The new Lightroom CC also goes from the classic catalogue image organization to “album” based image organization. To me this just increases the risk of misplacing files, especially if you aren’t overly organized in file storage.  Why not just have the files and folders mimic how they are organized in the Finder, but I guess since they are stored in cloud, you will access them directly there.

 

When you are in the “My Photos” section, which is similar to the “Library” module of the Lightroom Classic, while the layout has changed slightly, you will find most of the same things in there as in the Classic. However, when reviewing and culling images I often use the color flagging, which is not available in the new Lightroom CC, so if I were to covert, I would need to find another way to flag various images.

 

A powerful feature that I use often in Lightroom is filtering, whether to check out high ISO shots for comparison, or by camera type, however I cannot find the same ability to filter in the new Lightroom CC. Again, this may be a future upgrade, but it’s another feature that would keep me from fully converting. However, Lightroom CC does have a unique search feature which allows you to search images without having keyword.  For example if you type “mountain” in the search bar, it will return images of mountains.  Well I tried it, and while it did return images of mountains, it did also return images that had nothing to do with mountains, Adobe has said that it will continue to refine this feature.

 

Will I be Making the Switch?

 

While there are great additions to Lightroom CC, and if I was a new Lightroom user (and not already stuck in my ways) it’s a pretty great program. However for me, cloud-based storage isn’t a way I want to go at this time.  And I still find Lightroom Classic to be more powerful for what I use Lightroom for, image management and culling.

 

I am looking forward to continuing to work with both programs in the future to look more closely at the differences, especially in the edit module. If you have questions, feel free to contact me contact@wildelements.ca.

I’m just arriving back from the Great Bear Rainforest trip of 2017, and it was another one to remember.

 

Carryout Dinner

We were treated to the opportunity to spend time photographing three different Spirit Bears, which is always a highlight of the trip. These bears are quite rare, and exist in only a few places along the Coast of British Columbia, so the fact that we were able to spend time (more than just a glance) with three of them is really lucky.

 

We go to the Great Bear Rainforest for more than just Spirit Bears, we also hope to see Black Bears, Grizzly Bears, Humpbacks, and whatever else we come across along the way.  This is why the trip is named “Into the Great Bear Rainforest” instead of Spirit Bear Trip.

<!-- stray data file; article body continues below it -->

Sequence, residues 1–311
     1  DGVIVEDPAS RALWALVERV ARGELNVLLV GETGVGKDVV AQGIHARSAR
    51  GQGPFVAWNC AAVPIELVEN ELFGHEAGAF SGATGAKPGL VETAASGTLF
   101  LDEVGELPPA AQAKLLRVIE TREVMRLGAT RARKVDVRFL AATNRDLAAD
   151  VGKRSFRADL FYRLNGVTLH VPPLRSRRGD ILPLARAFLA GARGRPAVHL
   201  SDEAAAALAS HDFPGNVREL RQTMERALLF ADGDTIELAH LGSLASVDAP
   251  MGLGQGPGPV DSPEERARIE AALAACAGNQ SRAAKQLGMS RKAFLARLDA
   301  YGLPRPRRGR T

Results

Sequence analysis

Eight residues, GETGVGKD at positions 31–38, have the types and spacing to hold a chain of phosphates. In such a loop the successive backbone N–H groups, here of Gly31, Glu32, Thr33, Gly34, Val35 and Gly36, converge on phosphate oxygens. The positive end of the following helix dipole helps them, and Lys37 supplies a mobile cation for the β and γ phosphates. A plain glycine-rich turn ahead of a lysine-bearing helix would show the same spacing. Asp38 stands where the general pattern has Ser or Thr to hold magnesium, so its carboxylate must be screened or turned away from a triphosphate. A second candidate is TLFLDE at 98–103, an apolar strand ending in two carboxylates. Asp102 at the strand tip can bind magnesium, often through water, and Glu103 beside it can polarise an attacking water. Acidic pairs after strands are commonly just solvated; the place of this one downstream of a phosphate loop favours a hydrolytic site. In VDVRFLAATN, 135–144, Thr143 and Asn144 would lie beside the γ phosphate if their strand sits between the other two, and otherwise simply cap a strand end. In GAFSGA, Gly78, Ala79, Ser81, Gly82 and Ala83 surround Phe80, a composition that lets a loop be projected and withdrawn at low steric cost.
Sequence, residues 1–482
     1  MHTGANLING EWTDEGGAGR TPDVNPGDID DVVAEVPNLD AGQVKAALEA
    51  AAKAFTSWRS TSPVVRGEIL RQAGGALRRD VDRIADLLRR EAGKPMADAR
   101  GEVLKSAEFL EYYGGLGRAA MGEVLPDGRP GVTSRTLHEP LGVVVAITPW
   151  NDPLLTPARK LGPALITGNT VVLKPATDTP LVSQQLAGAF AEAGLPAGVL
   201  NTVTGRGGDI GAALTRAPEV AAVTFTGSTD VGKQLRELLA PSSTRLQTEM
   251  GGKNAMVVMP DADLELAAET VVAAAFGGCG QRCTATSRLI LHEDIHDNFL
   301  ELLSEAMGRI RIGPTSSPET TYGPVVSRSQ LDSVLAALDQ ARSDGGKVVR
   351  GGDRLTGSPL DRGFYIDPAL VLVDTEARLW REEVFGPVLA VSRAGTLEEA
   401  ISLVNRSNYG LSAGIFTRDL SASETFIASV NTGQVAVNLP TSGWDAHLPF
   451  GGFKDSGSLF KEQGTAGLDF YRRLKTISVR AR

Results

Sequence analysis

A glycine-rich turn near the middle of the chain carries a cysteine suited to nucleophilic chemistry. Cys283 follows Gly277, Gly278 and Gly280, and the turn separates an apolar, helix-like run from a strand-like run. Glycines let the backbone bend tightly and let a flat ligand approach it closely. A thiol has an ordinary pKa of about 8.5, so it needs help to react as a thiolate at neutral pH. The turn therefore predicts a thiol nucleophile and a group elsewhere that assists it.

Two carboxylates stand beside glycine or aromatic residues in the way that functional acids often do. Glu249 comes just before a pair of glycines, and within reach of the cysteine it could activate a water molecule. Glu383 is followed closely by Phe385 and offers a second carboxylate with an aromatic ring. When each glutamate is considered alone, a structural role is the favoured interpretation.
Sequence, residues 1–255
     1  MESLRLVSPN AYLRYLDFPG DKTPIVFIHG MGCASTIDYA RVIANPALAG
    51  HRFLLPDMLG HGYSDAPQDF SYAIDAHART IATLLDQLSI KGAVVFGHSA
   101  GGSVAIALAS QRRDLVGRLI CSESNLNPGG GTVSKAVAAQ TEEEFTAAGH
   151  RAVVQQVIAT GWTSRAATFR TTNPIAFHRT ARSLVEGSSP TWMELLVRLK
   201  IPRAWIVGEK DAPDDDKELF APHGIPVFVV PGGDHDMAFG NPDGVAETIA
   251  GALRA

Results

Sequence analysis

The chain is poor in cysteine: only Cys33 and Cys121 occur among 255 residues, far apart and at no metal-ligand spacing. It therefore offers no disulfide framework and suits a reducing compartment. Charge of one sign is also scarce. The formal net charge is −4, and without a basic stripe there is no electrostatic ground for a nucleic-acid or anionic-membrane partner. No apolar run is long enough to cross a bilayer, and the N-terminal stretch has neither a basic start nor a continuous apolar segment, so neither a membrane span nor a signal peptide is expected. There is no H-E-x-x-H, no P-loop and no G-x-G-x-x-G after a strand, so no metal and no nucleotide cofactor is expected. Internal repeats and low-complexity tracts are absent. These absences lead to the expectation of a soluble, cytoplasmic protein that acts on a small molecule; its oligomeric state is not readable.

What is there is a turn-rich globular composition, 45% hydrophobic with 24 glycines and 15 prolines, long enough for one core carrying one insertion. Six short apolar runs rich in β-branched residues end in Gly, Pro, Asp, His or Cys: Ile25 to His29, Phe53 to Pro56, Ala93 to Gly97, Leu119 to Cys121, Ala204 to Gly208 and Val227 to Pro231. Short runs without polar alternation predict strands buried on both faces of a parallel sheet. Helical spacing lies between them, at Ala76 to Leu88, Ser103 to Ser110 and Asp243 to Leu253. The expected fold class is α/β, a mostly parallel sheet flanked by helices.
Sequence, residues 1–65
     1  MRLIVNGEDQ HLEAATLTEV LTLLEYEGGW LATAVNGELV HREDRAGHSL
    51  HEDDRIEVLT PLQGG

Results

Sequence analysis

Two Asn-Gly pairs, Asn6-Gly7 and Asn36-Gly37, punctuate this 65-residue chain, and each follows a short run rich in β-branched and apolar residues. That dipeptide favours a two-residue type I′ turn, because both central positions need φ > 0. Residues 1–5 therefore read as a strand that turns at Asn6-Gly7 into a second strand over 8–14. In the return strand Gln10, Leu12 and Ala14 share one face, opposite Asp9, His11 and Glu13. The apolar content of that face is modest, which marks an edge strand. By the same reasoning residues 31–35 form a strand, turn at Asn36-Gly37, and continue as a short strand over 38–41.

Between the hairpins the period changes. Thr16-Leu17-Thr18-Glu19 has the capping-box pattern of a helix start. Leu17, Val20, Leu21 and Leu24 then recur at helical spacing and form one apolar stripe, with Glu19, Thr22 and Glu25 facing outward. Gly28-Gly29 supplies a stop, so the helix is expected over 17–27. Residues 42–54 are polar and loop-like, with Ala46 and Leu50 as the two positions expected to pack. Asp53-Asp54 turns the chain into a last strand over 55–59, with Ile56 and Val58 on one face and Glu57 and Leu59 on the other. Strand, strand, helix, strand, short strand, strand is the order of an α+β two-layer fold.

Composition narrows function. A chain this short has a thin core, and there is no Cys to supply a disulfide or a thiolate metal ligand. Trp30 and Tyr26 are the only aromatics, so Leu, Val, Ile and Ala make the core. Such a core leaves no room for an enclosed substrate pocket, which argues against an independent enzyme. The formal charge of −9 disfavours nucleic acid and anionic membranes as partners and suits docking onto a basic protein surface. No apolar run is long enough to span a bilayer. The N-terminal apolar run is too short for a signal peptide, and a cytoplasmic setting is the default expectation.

We had the opportunity to see a Grizzly Bear with two cubs, and quite a few Black Bears, all of which seemed to be taking advantage of the salmon (alive or dead) that were in the rivers, or that have washed up on the shore during high tide in some of the inlets.  We even saw a very unique looking Black Bear that seemed like it’s fur had a bit of white and black in it, it was a very interesting looking bear.

 

Some of the “whatever else” that we had the opportunity to photograph this year was some time spent photographing Humpback Whales (even seeing a few distant breaches), Transient Killer Whales, seeing an Elephant Seal in the distance, and a short time with Harbour Seals.   We also saw a few Bald Eagles perched in the trees,  a few Great Blue Herons, and several Pine Martens that were feeding on leftover salmon along the river.

 

This trip was like none other that I experienced in the past, and that’s why I keep going back. For the first time in the last four years I was tortured by sun, pretty much 7 full days of sunshine, with very little cloud. Which made photographing whales or bears along the water at certain times of the day very challenging. I guess all those years that I wished for a little sun while sitting in a downpour came all at once.

 

As always I was joined by an excellent group of people and welcomed by the terrific crew of the ship, these trips would never be the same without them.

 

To stay up-to-date with my latest images, including ones from this trip, visit my Recent Photos gallery.  If you would like to join us on a Great Bear Rainforest trip in the future contact me contact@wildelements.ca.

Nature’s Bridge

I’m getting excited for my fourth trip into the Great Bear Rainforest located on the coast of British Columbia.  While the Great Bear Rainforest is home to the rare, and unique, Spirit Bear, we don’t only focus on them. Instead we spend our time touring the Great Bear Rainforest for all the different species that call it home.  This includes Black Bears, Grizzly Bears, Humpback Whales, Harbour Seals, Bald Eagles and sometimes even Coastal Wolves if we are lucky, and of course the Spirit Bear.

 

Spirit Kermode Bear Great Bear Rainforest

Balancing on the Rocks

What I enjoy the most about this trip is the diversity of the species that we can photograph, and that we never really know what to expect.  One year can be very different from the next.

 

I am also looking forward to trying out the Canon 400 f/2.8 L IS II lens for the first time in the Great Bear Rainforest.  The f/2.8 aperture can really come in handy on some of the low light days, due to the rains and cloud cover that are common in the rainforest this time of year.